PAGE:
Opera Australia's 2016 production of The Magic FlutePhoto Branco Gaica
Understanding Mozart’s mastery of breath and phrase is of profound importance in the performance of his operas. As a wind player, I have sat, mesmerised and in complete awe of my colleagues in the string section as they navigate the musical minefield that the recitatives of Mozart operas represent. They need to sit, poised for the impossibly difficult task of placing a semiquaver (sometimes less!) with Swiss-watch precision amongst acrobatic vocal feats-which are different every night and affected by hundreds of variables. And they have to play these short, stabbing motifs together, as a synchronised harmony, with absolute conviction. I asked John about this specific form of musician-torture and how the string section remained calm and assured in a situation that would keep me up at night with anxiety attacks.
I remember clearly my first experience of recit. I had no idea... We were at St Peters Hall in East Melbourne and Richard Divall was conducting. Prior to this, I used to think that we took timing directions from the conductor, boy was I wrong. I consistently came in too early, first to the annoyance of my desk partner, then the Concertmaster (Rob John), and finally to Richard himself. I quickly observed that everyone else was clearly focused on the Concertmaster’s gestures and Richard’s job was to show character of sound, articulation and dynamic. Everything else including when to place the note was being shown by our brave Concertmaster.
What does transpire, however, is that it is not the moments of anxiety one feels when performing these incredible works of art that remain the lingering part of the experience, rather the transcendental power of his music. Lucinda, John and Scott all relay commonalities of phenomenology when asked about their experiences of Mozart’s music.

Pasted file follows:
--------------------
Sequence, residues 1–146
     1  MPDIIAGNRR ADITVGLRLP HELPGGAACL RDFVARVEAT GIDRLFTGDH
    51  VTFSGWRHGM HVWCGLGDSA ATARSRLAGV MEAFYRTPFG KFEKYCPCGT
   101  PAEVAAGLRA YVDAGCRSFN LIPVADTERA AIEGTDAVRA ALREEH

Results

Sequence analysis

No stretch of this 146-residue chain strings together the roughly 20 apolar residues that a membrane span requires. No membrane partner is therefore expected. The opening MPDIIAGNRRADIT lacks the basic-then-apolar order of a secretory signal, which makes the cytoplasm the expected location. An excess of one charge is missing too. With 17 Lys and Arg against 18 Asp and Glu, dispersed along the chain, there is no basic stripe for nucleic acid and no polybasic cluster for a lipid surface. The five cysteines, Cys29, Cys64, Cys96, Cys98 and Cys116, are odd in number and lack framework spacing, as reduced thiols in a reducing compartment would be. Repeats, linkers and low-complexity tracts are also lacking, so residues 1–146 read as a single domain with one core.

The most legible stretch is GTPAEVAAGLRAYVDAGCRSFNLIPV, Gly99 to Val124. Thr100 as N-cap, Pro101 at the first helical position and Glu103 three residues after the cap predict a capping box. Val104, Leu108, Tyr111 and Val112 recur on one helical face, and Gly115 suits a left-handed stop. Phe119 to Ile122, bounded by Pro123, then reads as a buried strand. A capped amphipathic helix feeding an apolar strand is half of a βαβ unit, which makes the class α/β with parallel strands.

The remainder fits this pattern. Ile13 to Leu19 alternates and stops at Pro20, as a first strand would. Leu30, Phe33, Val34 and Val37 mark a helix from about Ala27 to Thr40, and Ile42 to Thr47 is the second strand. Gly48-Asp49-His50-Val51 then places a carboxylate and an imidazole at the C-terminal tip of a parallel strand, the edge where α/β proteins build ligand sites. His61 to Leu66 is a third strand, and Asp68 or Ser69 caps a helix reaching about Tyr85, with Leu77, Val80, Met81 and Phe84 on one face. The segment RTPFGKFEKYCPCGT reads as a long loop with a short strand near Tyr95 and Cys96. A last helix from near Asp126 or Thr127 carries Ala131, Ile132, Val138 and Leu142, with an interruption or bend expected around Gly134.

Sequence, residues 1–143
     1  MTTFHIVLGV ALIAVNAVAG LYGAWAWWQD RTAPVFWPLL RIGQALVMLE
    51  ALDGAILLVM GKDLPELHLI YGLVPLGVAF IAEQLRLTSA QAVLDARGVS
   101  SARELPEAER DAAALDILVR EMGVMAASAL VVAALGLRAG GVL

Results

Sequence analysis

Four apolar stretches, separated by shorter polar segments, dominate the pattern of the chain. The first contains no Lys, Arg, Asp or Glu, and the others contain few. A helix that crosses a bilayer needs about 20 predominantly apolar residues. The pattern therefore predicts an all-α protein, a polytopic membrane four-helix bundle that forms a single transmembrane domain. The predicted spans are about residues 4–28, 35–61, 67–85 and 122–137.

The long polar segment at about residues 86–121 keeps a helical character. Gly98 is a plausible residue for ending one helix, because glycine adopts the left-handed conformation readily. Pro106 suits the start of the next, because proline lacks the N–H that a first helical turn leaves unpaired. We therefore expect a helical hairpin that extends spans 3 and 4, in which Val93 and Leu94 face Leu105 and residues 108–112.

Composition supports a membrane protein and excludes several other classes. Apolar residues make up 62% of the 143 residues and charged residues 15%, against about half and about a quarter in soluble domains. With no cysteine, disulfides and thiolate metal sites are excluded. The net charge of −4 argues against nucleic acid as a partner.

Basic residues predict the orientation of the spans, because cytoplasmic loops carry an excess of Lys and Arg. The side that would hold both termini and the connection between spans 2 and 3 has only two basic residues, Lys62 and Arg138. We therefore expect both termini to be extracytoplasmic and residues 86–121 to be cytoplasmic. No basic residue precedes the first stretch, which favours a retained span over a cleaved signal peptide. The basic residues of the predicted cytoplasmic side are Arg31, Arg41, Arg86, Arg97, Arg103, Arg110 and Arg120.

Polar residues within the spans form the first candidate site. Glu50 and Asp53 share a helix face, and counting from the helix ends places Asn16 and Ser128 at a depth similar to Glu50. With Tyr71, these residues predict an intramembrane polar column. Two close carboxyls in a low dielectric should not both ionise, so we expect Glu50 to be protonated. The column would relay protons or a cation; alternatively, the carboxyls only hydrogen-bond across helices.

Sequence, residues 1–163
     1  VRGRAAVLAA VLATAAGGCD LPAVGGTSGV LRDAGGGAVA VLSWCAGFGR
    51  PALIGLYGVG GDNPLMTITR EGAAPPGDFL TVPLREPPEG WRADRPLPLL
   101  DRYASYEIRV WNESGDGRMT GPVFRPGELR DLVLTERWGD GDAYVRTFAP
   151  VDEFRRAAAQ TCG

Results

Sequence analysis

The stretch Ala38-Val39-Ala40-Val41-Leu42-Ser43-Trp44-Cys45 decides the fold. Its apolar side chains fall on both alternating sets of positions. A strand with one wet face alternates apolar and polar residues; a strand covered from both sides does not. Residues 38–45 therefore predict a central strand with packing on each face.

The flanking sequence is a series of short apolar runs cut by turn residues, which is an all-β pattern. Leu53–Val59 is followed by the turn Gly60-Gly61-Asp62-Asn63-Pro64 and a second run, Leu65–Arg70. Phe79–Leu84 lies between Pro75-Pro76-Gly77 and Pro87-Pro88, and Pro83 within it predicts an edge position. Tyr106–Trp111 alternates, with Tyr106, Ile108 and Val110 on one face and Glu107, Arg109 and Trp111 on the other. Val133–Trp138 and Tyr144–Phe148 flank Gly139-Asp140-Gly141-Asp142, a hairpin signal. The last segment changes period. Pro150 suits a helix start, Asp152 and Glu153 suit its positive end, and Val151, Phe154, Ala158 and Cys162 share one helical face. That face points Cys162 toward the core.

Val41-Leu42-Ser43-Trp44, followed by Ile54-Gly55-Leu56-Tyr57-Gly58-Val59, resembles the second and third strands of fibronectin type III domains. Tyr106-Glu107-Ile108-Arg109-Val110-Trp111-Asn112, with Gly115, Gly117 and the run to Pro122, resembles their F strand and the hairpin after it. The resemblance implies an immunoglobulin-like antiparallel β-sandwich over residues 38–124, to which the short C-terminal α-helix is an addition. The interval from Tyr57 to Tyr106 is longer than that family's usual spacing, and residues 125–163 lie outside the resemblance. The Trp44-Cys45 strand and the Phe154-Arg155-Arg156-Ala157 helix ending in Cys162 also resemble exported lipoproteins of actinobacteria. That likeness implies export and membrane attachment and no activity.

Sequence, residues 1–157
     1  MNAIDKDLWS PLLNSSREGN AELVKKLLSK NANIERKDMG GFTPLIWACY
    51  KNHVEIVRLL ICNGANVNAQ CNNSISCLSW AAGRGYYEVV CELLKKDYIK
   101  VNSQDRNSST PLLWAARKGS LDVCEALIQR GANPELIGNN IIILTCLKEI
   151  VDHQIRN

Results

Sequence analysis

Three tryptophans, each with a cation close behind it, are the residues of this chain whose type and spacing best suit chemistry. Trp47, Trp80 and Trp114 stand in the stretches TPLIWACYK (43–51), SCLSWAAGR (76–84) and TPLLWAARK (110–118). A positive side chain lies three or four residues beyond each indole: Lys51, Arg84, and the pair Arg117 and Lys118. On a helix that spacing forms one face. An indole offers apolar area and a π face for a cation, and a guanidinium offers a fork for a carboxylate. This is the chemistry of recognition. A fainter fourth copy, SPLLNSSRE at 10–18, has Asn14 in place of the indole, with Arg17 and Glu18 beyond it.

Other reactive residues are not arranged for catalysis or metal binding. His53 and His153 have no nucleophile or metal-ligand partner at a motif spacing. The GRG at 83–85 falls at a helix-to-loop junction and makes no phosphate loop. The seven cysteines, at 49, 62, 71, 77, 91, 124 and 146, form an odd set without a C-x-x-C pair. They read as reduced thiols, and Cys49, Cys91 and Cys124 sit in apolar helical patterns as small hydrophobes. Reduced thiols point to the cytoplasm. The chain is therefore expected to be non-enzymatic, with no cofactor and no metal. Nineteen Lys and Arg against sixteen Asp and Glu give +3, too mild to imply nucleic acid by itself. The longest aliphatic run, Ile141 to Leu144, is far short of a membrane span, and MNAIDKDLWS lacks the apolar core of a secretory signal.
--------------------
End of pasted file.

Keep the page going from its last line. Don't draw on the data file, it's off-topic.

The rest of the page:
John: ‘…listening to Mozart is an out of body experience. Performing with Sumi Jo, singing the Queen of the Night aria from the Magic Flute at the Sydney Olympics, my first Don Giovanni overture, even my first time playing a Mozart quartet in High School. When readdressing these works (with more and more experience) I realise the sheer genius behind his ink, and how what seemed so simple is in fact an intricate story that the performer is given the liberty to explore.’
Scott: “I was new to OV and on tour in Canberra. I turned up to the foyer of the Civic theatre, believing that I was required to rehearse Don Giovanni, however, it was a rehearsal for strings only. I went to leave but was knocked out by the overture, so I sat and listened for 3 hours.”
Lucinda: “I can’t pick a favourite moment, opera or aria. Mozart’s music is so incredible that whichever work we are playing, it instantly becomes my favourite and I wait until the next chance that I can roster myself on to play his works!”
The ultimate triumph of Mozart’s genius, however, must surely lie in the fact that he wrote a work called “The Magic Flute”. Here was a man that clearly recognised the superiority of the instrument and to a flute player, this is all the music to my ears that I’ll ever need!
With thanks to Lucinda Cran, Scott Evans, John Noble and Dane Lam